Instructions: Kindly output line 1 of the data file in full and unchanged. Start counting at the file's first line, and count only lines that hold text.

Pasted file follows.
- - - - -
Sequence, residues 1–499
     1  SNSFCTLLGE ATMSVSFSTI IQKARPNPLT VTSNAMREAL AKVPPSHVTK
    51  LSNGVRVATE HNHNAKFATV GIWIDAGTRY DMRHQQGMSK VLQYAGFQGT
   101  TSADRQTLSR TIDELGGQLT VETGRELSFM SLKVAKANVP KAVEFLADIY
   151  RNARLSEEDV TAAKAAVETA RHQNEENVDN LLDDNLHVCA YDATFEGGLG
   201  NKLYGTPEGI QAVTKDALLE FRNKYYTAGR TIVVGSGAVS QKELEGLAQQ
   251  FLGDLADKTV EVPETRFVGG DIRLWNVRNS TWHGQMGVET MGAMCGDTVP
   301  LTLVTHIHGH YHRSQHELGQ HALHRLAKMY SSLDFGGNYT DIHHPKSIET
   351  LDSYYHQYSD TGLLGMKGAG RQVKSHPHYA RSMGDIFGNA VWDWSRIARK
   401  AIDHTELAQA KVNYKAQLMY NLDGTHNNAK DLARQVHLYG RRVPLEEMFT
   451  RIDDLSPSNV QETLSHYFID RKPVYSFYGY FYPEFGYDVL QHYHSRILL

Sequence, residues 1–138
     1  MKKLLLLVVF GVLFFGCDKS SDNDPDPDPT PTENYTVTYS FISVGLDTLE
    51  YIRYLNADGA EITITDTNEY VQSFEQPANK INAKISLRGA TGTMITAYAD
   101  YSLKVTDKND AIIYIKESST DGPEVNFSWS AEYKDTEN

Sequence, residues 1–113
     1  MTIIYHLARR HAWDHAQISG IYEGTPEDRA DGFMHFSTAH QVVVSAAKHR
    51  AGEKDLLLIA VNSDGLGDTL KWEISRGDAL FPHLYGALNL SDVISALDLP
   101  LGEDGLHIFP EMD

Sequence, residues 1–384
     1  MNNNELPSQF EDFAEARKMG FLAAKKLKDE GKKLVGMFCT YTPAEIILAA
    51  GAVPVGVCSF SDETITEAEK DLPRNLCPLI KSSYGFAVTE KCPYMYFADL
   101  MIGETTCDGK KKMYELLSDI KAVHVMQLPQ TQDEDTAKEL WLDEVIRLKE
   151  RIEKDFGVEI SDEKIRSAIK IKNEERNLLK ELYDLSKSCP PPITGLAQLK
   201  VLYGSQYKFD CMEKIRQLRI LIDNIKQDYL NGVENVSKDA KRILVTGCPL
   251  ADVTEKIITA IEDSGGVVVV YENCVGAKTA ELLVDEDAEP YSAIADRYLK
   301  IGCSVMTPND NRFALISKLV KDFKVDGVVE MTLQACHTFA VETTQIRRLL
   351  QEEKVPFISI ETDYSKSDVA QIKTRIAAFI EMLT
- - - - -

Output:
Sequence, residues 1–499